Dynamic changes of the luminal and mucosa-associated gut microbiota during and after antibiotic therapy with paromomycin.

Authors:
Femke-Anouska Heinsen, Henrik Knecht, Sven C Neulinger, Ruth A Schmitz, Carolin Knecht, Tanja Kühbacher, Philip C Rosenstiel, Stefan Schreiber, Anette K Friedrichs, Stephan J Ott
Year of publication:
2015
Volume:
-
Issue:
-
Issn:
1949-0976
Journal title abbreviated:
Gut Microbes
Journal title long:
Gut microbes
Abstract:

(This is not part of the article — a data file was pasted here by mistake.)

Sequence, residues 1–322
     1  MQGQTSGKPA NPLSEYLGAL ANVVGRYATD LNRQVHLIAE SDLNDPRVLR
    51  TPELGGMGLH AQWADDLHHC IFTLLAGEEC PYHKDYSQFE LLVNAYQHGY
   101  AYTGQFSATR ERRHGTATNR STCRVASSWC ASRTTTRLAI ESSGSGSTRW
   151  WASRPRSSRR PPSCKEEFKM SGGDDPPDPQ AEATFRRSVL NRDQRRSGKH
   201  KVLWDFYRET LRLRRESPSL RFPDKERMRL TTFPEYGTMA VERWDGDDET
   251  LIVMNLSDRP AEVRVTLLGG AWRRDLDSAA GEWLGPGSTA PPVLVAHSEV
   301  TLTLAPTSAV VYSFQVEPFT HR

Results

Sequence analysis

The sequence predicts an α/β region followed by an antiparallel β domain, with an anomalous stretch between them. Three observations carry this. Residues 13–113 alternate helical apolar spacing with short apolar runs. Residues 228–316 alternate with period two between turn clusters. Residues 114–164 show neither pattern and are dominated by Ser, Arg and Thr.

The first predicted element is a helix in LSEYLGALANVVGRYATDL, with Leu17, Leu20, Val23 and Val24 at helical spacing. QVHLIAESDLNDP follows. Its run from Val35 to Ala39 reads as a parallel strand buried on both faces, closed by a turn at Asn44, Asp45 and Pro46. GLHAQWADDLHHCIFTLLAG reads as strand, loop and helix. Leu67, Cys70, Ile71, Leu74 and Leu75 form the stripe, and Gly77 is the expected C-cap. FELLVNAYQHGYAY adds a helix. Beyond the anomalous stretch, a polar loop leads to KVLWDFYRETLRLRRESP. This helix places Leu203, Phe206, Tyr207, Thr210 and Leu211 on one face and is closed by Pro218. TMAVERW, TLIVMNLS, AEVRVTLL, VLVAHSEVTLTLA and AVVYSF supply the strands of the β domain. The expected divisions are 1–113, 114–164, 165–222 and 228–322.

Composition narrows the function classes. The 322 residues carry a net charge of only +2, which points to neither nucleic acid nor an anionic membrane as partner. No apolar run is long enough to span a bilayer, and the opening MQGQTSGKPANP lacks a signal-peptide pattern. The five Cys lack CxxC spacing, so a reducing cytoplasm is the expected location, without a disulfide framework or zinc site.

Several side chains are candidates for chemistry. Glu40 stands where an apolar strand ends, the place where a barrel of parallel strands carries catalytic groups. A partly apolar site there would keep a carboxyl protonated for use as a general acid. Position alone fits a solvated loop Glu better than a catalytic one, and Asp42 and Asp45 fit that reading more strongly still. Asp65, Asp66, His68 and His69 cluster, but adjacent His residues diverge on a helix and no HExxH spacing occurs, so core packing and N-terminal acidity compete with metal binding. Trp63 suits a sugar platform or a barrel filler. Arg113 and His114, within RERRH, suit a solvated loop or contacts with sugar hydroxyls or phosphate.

Gut microbiota play a key role in the host''s health system. Broad antibiotic therapy is known to disrupt the microbial balance affecting pathogenic as well as host-associated microbes. The aim of the present study was to investigate the influence of antibiotic paromomycin on the luminal and mucosa-associated microbiota at the DNA (abundance) and RNA (potential activity) level as well as to identify possible differences. The influence of antibiotic treatment on intestinal microbiota was investigated in five healthy individuals (age range: 20-22 years). All participants received the antibiotic paromomycin for three days. Fecal samples as well as sigmoidal biopsies were collected before and immediately after cessation of antibiotic treatment as well as after a recovery phase of 42 days. Compartment- and treatment status-specific indicator operational taxonomic units (OTUs) as well as abundance- and activity-specific patterns were identified by 16S rRNA and 16S rRNA gene amplicon libraries and high-throughput pyrosequencing. Microbial composition of lumen and mucosa were significantly different at the DNA compared to the RNA level. Antibiotic treatment resulted in changes of the microbiota, affecting the luminal and mucosal bacteria in a similar way. Several OTUs were identified as compartment- and/or treatment status-specific. Abundance and activity patterns of some indicator OTUs differed considerably. The study shows fundamental changes in composition of gut microbiota under antibiotic therapy at both the potential activity and the compartment level at different treatment status. It may help to understand the complex processes of gut microbiota changes involved in resilience mechanisms and on development of antibiotic-associated clinical diseases.